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Clinical cancer research : an official journal of the American Association for Cancer Research

Alternate Metabolic Programs Define Regional Variation of Relevant Biological Features in Renal Cell Carcinoma Progression.


PMID 26787754

Abstract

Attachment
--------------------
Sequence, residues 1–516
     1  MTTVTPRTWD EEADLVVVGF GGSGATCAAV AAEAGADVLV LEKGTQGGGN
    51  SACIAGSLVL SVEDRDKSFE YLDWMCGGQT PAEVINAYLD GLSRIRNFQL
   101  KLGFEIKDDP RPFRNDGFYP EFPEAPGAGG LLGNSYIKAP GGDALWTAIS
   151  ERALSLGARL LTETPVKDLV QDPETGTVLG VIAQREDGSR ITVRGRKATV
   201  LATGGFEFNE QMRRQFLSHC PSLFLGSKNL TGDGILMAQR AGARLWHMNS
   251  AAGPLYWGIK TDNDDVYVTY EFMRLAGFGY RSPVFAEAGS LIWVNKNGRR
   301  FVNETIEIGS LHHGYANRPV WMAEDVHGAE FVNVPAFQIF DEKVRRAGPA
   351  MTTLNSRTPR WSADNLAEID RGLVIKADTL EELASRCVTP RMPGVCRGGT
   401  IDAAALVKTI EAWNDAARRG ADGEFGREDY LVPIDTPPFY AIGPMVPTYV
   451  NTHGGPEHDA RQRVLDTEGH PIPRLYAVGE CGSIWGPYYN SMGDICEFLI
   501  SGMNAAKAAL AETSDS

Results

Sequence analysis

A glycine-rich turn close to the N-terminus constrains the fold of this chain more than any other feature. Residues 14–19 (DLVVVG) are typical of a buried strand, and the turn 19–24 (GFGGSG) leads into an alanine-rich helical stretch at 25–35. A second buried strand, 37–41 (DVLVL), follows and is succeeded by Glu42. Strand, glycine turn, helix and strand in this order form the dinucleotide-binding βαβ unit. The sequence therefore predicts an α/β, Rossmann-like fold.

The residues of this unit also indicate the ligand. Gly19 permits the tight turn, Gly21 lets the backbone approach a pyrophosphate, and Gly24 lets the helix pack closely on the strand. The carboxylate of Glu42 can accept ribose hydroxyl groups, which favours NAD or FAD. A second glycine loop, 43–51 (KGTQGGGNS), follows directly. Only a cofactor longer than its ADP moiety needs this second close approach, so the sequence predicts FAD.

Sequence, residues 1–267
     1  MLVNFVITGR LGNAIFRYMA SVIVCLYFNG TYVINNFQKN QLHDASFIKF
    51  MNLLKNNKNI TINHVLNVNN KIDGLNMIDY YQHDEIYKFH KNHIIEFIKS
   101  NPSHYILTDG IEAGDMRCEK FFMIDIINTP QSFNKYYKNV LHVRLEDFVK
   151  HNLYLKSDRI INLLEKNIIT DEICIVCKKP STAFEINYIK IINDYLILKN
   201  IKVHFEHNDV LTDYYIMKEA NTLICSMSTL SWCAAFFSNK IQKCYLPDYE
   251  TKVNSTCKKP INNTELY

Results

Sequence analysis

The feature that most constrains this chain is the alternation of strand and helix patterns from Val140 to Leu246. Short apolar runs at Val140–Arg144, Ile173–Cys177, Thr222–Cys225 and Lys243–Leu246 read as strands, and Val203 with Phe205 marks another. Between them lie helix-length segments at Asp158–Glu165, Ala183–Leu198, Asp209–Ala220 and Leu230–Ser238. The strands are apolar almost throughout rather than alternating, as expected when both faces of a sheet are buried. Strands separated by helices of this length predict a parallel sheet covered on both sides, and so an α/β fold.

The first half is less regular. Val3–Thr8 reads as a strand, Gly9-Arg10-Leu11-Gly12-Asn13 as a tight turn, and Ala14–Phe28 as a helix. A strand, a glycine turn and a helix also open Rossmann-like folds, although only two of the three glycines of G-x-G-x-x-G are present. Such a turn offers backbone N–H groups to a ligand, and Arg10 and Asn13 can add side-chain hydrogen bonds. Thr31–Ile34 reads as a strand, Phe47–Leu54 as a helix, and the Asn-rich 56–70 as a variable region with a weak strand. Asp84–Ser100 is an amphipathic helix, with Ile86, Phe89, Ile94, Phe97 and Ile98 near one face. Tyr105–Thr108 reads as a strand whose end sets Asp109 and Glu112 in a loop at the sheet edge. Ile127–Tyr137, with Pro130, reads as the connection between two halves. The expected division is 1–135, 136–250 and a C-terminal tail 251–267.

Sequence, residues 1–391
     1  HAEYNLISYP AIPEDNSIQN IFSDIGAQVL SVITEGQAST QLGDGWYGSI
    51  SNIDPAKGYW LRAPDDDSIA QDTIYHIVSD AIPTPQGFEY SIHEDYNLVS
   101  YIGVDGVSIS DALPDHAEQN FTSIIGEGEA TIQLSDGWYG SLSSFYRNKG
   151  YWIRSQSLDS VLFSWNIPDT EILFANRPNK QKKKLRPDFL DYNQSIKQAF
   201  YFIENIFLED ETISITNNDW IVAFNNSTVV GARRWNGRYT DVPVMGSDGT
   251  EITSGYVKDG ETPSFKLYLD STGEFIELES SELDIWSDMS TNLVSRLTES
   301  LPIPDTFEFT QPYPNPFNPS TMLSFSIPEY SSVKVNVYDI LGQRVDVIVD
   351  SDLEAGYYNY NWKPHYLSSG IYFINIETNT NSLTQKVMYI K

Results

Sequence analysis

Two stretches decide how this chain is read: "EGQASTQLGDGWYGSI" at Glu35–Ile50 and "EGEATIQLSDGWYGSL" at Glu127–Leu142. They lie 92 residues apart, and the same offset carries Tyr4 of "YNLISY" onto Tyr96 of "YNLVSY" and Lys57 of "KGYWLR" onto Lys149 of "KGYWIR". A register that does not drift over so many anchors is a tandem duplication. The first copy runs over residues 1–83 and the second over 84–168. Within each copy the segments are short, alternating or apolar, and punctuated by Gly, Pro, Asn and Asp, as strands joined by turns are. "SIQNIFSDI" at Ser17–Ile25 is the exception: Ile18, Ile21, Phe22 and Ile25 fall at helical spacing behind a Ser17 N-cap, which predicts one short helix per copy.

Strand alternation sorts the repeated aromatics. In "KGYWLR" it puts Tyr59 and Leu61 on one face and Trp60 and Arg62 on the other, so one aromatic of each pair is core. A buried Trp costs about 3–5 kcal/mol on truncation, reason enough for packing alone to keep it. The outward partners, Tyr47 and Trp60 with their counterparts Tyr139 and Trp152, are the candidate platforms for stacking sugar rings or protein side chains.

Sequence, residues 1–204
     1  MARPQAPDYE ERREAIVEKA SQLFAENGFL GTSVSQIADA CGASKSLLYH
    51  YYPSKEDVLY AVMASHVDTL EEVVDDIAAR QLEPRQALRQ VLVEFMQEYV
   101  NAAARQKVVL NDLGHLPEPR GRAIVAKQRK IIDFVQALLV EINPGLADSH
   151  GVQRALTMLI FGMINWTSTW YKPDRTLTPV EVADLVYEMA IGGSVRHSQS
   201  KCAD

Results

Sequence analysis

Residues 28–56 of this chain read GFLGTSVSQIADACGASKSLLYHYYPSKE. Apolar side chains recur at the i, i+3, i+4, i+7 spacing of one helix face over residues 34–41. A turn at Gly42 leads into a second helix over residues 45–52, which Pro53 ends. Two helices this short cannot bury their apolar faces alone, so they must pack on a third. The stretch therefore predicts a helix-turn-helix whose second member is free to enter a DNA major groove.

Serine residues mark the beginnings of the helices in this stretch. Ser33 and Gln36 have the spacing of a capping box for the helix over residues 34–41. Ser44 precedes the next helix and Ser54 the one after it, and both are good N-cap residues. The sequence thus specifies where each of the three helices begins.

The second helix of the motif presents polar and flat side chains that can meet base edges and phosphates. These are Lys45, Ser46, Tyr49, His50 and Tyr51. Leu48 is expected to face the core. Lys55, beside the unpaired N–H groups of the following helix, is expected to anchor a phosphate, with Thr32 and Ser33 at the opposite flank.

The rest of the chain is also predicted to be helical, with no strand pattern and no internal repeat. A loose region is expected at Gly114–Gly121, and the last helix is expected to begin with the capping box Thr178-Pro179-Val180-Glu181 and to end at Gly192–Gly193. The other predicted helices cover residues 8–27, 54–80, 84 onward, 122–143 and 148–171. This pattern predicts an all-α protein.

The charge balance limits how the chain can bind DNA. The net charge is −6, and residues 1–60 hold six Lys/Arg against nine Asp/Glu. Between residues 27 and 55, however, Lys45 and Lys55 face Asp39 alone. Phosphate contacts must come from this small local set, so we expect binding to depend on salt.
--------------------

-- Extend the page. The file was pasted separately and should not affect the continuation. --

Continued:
Clear cell renal cell carcinoma (ccRCC) has recently been redefined as a highly heterogeneous disease. In addition to genetic heterogeneity, the tumor displays risk variability for developing metastatic disease, therefore underscoring the urgent need for tissue-based prognostic strategies applicable to the clinical setting. We have recently employed the novel PET/magnetic resonance (MR) image modality to enrich our understanding of how tumor heterogeneity can relate to gene expression and tumor biology to assist in defining individualized treatment plans. ccRCC patients underwent PET/MR imaging, and these images subsequently used to identify areas of varied intensity for sampling. Samples from 8 patients were subjected to histologic, immunohistochemical, and microarray analysis. Tumor subsamples displayed a range of heterogeneity for common features of hypoxia-inducible factor expression and microvessel density, as well as for features closely linked to metabolic processes, such as GLUT1 and FBP1. In addition, gene signatures linked with disease risk (ccA and ccB) also demonstrated variable heterogeneity, with most tumors displaying a dominant panel of features across the sampled regions. Intriguingly, the ccA- and ccB-classified samples corresponded with metabolic features and functional imaging levels. These correlations further linked a variety of metabolic pathways (i.e., the pentose phosphate and mTOR pathways) with the more aggressive, and glucose avid ccB subtype. Higher tumor dependency on exogenous glucose accompanies the development of features associated with the poor risk ccB subgroup. Linking these panels of features may provide the opportunity to create functional maps to enable enhanced visualization of the heterogeneous biologic processes of an individual's disease. Clin Cancer Res; 22(12); 2950-9. ©2016 AACR.